Tag Archives: preschool

Learning through play… outdoors!

It’s summertime! The weather is warm and the sun is shining from early in the morning to late in the evening. Children in your program are going to be spending a lot of time outdoors. What a great opportunity to enhance their learning!

Extend chldren's learning with outdoor activities... and don't be afraid to take your indoor activities outside!

In the article “Making the Most of Outdoor Time with Preschool Children,” it is stated that “the outdoor space is an extension of the classroom and should be considered another space for learning.” There are tons of activities the children can do outside that promote learning. They can start a garden with flowers, herbs or vegetables. They can identify the different colors they see in plants or animals and the teacher can keep a list of all the things that are each color. They can investigate their shadows: tracing, measuring at different times of the day or playing shadow tag. They can even adopt a tree!

Adopting a tree will be different depending on the age of the children. With infants and toddlers, the teacher can choose a tree to adopt and take the children out to visit it, touch it and talk with the children about the features, such as what the leaves look like, whether the bark is rough or smooth, if there are animals in the tree and if anything changed from the last time it was visited. With preschoolers, the children can choose a tree to adopt and visit it, but may still need guidance to make the experience meaningful. The teacher can ask the children to describe the tree, identify things around the tree, create rubbings of the leaves, experience how the tree changes with the seasons and look through magnifying glasses at bugs on the tree. With school-agers, the children can each choose a tree to adopt, visit it on their own and be given activity ideas to do independently, as well. School-agers can research what type of tree they adopted, draw a map to their tree from the classroom, identify ways they know whether their tree is alive or not, look for evidence of animals (in the past or present) and take photographs of their tree at different times. The teacher can extend the activities by asking open-ended questions about their findings. One activity can span all the various ages!

In addition to doing outdoor activities, you can do indoor activities outdoors, too. Your sand and water table can be moved outside. The children can do art projects, musical experiences and dramatic play outside. Even better, story time can be taken outside, whether it’s reading a book to the children on the grass or allowing them to nestle under a tree with their own book for independent reading!

This is all in conjunction with the physical activities children naturally do outside. It is essential for their healthy growth and development. Why not make that a learning experience, too? Teachers (and children) can time how long it takes the children to run around the play area three times, measure how high they can jump next to the wall and count how many times in a row they hop on one foot, jump rope or hula hoop. It doesn’t have to be a competition between the children, but they can be challenged to beat their own scores.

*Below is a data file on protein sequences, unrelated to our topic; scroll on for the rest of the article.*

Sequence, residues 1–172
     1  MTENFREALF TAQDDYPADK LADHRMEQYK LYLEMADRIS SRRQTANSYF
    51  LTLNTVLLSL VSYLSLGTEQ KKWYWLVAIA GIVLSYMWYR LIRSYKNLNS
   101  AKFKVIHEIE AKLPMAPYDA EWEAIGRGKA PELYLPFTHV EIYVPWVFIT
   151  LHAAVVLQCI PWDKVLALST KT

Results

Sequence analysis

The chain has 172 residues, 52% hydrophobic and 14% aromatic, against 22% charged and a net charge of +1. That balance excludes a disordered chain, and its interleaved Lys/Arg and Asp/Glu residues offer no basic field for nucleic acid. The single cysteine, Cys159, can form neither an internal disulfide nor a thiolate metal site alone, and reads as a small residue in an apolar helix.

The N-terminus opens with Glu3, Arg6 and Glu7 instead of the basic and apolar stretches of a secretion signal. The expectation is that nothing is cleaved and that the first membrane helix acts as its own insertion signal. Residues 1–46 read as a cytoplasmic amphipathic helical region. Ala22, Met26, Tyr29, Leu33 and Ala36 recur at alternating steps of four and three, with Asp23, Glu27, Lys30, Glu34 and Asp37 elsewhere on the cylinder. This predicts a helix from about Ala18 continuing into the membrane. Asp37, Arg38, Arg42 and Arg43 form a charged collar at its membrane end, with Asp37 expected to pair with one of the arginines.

What kinds of activities do you like doing with the children outdoors? Feel free to share them in the comments!

Overcoming the ‘I don’t get it’ blues

Most of us can recall a time in school when we just didn’t “get” something. In the third grade, I witnessed a classmate hiding the fact that he couldn’t tell time. The teacher had expected him to do an errand for her and told him to leave his desk at “exactly 1:45.”  He had to confess that he hadn’t a clue what that meant. And his past November, I attended an open house event for my niece, Lauren.  She stood in the hallway very upset because her construction paper turkey didn’t look at all like her first grade peers or the teacher’s model. I recall her saying, “mine looks like a duck with funny feathers.”

Small matters, right? But not to a child. I am guessing that if I would have asked my third grade classmate how he was feeling when he didn’t know how to tell time or if I would have asked my niece why she was so upset about her turkey the answer would have been the same:  “Less than brilliant” or “I am ashamed.”

Play builds confidence and so much more!

“Not getting it” happens to every child. What we want is for them to bounce back, to not lose confidence in themselves as capable learners. Our faith in them helps, of course. So does having their teacher’s support. But there’s something else that can restore a child’s sense of competence, and this old-fashioned remedy is always effective, even when a child does not let you in on a discouraging experience.

Simply give the children in your care the chance to play every day. It has to be real play, though, where a child decides what to do and how to do it! In play, children set their own challenges and find out they can succeed. Children usually choose tasks that challenge them, but aren’t overwhelming.

When children are playing, they don’t worry about failing. Play, after all, is supposed to be fun. And you don’t get evaluated on fun. What’s more, because play is a no-risk situation, children often find themselves attempting more and more. In play, children try out new skills and discover they can perform at a higher level.

When they’re playing, children can pretend that they’re the ones in charge. Instead of being told when to get on the school bus, a child can be the driver. Instead of having to finish their vegetables at a meal time, a child can become the cook. Instead of taking a test, an older child may play school and be the teacher. Play builds self confidence. In play, children put aside feelings of being powerless and experience being capable.

Give a child in your care the time to play and you will be giving them time to re-charge. A child at play is someone who solves problems, generates new ideas, is curious and creative. A child at play is someone who sets and meets challenges, risks trying out new skills and experiences what it’s like to feel capable and in charge. And sometimes, a child who plays is someone who’s bouncing back from a temporary bout of “not getting it.”

Random Acts of Experimentation

Recently when we were sitting at the table finishing lunch, my wife and I were relishing an extended conversation while our son, Eli, switched between spreading peanut butter on crackers and licking his fingers.